Rob Manfred was asked about automated strike zones again

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As has become ritual whenever commissioner Rob Manfred talks to the press, someone asked him about robot umps and automated strike zones. Such a thing is almost always, arguably anyway, in the news because there is almost always someone, somewhere arguing that balls and strikes should be called by technology rather than fallible human beings. Joe Maddon went on a tirade about it just the other day.

Here’s Manfred on it now (Via CBS and Via Anthony Castrovince of MLB.com):

“It would be a pretty fundamental change in the game to take away a function that has been performed by our umpiring staff, really with phenomenal accuracy. The fact of the matter is they get them right well over 90 percent of the time.

“And there is a human aspect to that, a work aspect to it that’s always been an important part of our game. I don’t think you can just jump to the conclusion that if you have (the) technology to do it that’s the right thing for your product.”

Our view on this remains the same as it has been for a while now. In theory: sure, automated strike zones are cool because who doesn’t want the right calls. In practice, however, it’d probably be a disaster, at least for the short term, because the technology simply isn’t good enough yet. There are calibration issues and inaccuracies, as there are with any sort of technology which seeks to measure very difficult things with precision. Experts in the field believe that, at present, the success rate on ball/strike calls would probably be about the same with an automated system now as it is with human umpires. Big, obviously bad calls from someone like Angel Hernandez might be avoided, but borderline calls would be more dicey, in all likelihood.

I suspect MLB’s internal assessments track these external ones, which is probably why Manfred has always been tepid about this stuff. If it was better, MLB would probably back automated umpiring a lot more than it does.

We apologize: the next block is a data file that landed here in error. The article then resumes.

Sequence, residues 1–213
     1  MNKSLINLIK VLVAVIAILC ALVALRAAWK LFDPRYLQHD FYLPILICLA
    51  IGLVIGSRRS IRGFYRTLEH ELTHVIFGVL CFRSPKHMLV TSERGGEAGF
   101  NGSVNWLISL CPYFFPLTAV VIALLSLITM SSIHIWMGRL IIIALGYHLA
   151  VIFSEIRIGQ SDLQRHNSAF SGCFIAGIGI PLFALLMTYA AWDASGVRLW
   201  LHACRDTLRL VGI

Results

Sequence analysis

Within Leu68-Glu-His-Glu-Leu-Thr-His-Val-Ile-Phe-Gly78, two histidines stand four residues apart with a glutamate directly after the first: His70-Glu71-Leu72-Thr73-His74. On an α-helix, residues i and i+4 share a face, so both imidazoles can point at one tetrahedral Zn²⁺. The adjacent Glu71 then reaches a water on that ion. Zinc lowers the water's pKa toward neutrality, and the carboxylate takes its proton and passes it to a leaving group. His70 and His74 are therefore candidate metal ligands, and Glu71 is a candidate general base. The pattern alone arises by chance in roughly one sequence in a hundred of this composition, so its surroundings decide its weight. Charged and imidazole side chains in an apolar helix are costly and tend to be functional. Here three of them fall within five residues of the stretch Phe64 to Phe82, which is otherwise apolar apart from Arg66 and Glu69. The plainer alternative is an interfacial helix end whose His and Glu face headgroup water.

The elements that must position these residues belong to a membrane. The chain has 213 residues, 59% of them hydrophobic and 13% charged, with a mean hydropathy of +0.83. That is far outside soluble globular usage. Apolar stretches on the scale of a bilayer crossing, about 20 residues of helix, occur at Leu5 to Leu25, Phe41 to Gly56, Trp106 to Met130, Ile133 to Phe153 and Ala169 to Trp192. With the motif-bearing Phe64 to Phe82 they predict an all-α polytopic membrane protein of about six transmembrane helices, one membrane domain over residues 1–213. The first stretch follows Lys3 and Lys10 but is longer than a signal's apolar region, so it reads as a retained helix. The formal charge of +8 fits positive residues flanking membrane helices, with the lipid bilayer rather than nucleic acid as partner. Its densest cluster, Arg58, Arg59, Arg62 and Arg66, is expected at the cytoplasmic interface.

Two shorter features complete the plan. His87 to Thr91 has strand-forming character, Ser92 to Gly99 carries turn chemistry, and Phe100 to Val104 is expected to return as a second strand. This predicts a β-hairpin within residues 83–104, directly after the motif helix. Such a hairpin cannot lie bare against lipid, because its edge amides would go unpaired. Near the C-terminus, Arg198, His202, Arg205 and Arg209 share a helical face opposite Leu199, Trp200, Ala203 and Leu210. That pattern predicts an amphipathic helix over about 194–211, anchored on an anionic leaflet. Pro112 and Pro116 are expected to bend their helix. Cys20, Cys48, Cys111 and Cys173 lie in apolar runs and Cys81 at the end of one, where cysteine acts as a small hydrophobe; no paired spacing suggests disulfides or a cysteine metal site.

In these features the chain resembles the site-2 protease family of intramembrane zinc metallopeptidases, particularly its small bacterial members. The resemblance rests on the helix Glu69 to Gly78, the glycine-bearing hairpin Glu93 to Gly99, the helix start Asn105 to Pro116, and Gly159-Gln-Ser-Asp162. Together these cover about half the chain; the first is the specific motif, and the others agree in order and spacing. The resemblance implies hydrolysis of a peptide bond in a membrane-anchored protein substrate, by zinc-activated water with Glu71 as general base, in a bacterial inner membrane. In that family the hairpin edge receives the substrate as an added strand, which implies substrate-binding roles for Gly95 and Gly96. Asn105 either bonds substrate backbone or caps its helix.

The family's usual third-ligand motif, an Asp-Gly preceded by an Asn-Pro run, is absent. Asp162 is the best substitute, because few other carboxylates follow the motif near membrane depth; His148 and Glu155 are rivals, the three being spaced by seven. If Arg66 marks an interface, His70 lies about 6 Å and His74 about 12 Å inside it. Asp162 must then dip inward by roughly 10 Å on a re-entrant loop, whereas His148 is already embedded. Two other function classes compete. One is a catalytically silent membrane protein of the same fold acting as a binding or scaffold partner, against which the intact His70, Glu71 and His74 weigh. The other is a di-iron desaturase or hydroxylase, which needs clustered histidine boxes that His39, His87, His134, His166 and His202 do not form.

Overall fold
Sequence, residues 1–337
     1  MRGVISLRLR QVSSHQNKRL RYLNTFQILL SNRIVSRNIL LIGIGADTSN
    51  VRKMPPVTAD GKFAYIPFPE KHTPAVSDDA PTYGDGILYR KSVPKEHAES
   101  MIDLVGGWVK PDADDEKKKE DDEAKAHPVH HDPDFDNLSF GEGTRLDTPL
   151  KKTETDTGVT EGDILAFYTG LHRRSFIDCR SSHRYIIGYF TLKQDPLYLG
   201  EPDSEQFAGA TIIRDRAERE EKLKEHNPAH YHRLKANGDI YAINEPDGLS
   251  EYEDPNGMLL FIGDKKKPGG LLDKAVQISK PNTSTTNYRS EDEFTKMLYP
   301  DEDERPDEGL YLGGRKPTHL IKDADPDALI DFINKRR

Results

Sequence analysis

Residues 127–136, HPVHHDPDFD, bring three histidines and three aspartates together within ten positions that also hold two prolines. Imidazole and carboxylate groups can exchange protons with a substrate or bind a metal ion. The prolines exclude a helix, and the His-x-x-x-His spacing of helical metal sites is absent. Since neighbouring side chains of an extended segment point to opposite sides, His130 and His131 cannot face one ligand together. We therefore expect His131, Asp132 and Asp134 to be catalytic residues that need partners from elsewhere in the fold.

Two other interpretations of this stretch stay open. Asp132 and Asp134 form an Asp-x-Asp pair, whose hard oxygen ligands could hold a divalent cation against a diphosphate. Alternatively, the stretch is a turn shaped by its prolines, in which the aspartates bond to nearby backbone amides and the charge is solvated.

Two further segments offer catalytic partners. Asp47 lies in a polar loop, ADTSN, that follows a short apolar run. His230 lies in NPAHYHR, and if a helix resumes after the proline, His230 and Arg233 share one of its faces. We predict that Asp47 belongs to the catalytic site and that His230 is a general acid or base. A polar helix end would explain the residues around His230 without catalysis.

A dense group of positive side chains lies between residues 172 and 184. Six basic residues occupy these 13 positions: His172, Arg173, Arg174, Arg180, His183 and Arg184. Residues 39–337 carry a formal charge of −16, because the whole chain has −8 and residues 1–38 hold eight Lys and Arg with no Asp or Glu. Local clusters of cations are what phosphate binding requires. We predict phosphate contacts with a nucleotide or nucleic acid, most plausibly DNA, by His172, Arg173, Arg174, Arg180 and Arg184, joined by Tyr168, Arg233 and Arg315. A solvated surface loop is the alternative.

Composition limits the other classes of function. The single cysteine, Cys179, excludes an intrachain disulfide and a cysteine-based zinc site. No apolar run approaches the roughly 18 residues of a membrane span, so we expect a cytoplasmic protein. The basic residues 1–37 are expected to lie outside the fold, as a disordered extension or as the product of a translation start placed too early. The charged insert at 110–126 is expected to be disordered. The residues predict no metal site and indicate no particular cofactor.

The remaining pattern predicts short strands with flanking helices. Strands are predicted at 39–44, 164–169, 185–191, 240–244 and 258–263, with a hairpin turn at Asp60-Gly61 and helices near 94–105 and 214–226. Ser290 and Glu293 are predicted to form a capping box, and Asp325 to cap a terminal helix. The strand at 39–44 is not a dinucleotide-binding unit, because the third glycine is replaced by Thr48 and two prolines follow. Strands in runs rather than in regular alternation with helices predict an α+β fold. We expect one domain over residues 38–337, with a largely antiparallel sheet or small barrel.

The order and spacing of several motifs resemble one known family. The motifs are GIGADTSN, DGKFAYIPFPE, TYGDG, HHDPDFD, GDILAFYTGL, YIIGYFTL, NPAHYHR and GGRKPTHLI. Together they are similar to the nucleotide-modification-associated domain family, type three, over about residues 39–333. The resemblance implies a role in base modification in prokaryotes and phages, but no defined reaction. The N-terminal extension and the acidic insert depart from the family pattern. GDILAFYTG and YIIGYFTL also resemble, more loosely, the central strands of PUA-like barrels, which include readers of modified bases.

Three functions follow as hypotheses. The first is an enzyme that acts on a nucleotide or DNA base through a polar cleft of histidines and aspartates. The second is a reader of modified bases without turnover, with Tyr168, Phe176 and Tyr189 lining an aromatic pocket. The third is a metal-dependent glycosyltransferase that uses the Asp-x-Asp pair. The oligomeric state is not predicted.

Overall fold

UPDATE: Some further food for thought regarding the accuracy of humans:

 

 

Dodgers, Tony Gonsolin agree to 2-year, $6.65M contract

Gary A. Vasquez-USA TODAY Sports
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LOS ANGELES — All-Star pitcher Tony Gonsolin and the Los Angeles Dodgers agreed on a two-year, $6.65 million contract that avoided an arbitration hearing.

Gonsolin gets $3.25 million this year and $3.4 million in 2024.

His salary in the second season can escalate by up to $3 million based on a points system in which he will be credited one point for each start, or each relief appearance of 3 1/3 innings: $500,000 apiece for 14, 16, 18, 20, 24 and 28 points. The 2024 salary also would increase by $1,125,000 for winning a Cy Young Award this year, $625,000 for finishing second or third in the voting and $500,000 for finishing fourth or fifth.

The sides exchanged salary proposals on Jan. 13, with Gonsolin seeking a raise from $720,000 last season to $3.4 million this year, while the Dodgers offered $3 million.

The 28-year-old right-hander was 16-1 with a 2.14 ERA and 119 strikeouts in 24 starts during a breakout season last year. Gonsolin earned his first All-Star selection with an 11-0 record and a 2.02 ERA in the first half. He finished with the highest winning percentage (.941) in franchise history.

Gonsolin has been with the Dodgers for parts of four seasons since being drafted in the ninth round out of Saint Mary’s College in 2016. He is 26-6 with a 2.51 ERA in 59 career games.

He helped the Dodgers win the 2020 World Series during the pandemic-shortened season.